The news about the renegotiation of a tax treaty with Mauritius was just the final prod that pushed a teetering market over the edge. But what kept it down there on Monday was the evolving crisis in Greece, which is reminiscent of a similar one 13 months ago.
The latest event in that saga was a European Union statement issued on Monday, which said the organization is deferring the payout of another tranche of bailout funds to Greece and then, too, conditionally.
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That was enough to spur a fresh wave of risk aversion around the globe on fears of a Greek default, higher borrowing costs and general economic bedlam.
As it is, foreign funds have been withdrawing money from emerging markets; India being no exception. Fund tracker EPFR Global reported on Friday that Indian equity funds recorded a seventh straight week of outflows.
While there is a sense of déjà vu regarding Greece, things couldn’t be more different locally. In May 2010, the economy was still expected to clock an 8.8% growth for that year, and earnings were gaining at a double-digit pace. The Reserve Bank of India was still in the early stages of a rate hike cycle.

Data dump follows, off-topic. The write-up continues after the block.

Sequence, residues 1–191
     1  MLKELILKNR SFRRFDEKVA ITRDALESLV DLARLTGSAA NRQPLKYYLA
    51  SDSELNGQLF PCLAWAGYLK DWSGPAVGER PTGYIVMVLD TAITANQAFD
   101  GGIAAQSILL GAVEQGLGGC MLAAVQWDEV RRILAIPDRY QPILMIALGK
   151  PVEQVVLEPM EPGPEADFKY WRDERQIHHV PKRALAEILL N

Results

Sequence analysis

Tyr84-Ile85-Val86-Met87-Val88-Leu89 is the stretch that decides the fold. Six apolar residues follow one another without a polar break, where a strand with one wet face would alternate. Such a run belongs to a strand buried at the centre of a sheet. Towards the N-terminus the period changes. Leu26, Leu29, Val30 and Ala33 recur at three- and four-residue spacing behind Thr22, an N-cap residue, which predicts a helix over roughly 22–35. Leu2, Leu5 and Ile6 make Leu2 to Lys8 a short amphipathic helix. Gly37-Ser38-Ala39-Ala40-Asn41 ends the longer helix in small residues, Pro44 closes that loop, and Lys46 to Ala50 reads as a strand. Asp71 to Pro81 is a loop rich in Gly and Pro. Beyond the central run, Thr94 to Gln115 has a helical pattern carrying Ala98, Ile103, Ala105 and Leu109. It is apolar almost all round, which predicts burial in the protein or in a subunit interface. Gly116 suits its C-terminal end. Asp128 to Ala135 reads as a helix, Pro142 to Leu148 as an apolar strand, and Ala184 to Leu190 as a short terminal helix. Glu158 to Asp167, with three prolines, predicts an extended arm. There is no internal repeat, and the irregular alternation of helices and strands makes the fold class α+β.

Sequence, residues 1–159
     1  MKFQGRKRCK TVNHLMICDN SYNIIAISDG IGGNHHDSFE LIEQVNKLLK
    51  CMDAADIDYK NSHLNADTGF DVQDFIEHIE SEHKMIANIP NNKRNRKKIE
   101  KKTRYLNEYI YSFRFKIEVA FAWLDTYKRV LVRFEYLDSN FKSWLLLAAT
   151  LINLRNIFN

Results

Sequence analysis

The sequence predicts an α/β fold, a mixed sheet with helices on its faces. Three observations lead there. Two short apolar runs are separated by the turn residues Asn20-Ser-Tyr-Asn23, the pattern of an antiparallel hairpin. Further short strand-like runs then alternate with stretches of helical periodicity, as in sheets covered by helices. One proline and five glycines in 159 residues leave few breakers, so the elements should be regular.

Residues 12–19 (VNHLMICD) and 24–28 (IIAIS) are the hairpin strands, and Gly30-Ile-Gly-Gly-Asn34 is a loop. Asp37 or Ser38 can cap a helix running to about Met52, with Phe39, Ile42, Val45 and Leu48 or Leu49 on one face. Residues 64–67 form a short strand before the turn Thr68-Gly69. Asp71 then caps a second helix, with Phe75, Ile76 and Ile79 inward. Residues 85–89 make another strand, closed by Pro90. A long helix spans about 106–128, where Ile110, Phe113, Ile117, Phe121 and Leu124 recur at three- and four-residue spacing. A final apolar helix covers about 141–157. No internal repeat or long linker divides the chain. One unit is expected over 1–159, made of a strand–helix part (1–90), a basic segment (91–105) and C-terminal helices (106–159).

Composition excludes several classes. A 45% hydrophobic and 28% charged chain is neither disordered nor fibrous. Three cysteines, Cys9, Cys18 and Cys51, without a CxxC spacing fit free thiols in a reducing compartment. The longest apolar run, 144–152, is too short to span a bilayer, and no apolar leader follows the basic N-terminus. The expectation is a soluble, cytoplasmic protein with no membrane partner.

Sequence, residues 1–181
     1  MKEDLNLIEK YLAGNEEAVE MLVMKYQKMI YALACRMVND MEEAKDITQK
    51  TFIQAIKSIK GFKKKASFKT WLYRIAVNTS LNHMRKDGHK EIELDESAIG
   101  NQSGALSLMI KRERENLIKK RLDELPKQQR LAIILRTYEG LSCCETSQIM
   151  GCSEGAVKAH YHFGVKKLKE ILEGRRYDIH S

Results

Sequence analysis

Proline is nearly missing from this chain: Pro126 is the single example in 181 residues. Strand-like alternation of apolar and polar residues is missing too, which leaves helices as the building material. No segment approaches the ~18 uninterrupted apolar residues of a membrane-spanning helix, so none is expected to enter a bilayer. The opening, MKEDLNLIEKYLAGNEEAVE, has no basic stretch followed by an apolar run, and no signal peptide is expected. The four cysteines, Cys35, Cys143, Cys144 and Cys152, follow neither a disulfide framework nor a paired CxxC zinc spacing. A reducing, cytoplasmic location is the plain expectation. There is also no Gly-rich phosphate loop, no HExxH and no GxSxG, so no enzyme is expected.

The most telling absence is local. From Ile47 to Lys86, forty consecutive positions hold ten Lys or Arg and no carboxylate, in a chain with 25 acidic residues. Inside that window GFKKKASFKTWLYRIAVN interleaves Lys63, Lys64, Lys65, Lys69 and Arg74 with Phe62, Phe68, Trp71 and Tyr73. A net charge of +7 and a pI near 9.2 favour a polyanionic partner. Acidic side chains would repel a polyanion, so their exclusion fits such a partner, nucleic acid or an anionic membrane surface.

Now, almost all indicators are pointing to a slowdown, whether it is the HSBC Purchasing Managers’ Index or factory output numbers.
New Delhi is busy sorting out governance issues and dithering on policy. Brokerages are on a downgrading spree —whether it be earnings estimates or gross domestic product growth forecasts. Inflation continues to be a menace and rate hikes are dragging on interminably, it seems.
Yes, these warning signals have taken their time in coming and it is reasonable to assume that these have been discounted. Indeed, the Sensex is trading at 14 times estimated earnings for fiscal 2012, below the long-term average.
But Greece continuing to be a wild card; and no other positive news forthcoming, it’s but natural that Indian investors turn skywards, all eyes on the monsoon rains.
Graphic by Sandeep Bhatnagar/Mint
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